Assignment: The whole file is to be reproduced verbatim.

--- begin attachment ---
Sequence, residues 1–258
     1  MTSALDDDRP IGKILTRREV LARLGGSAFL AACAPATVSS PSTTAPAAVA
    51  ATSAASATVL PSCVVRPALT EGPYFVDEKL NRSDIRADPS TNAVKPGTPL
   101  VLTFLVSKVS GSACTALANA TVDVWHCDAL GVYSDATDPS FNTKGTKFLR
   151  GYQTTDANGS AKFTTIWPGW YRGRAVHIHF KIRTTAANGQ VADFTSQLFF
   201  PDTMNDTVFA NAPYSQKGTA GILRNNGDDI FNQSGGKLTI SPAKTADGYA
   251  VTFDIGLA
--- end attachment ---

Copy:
Sequence, residues 1–258
     1  MTSALDDDRP IGKILTRREV LARLGGSAFL AACAPATVSS PSTTAPAAVA
    51  ATSAASATVL PSCVVRPALT EGPYFVDEKL NRSDIRADPS TNAVKPGTPL
   101  VLTFLVSKVS GSACTALANA TVDVWHCDAL GVYSDATDPS FNTKGTKFLR
   151  GYQTTDANGS AKFTTIWPGW YRGRAVHIHF KIRTTAANGQ VADFTSQLFF
   201  PDTMNDTVFA NAPYSQKGTA GILRNNGDDI FNQSGGKLTI SPAKTADGYA
   251  VTFDIGLA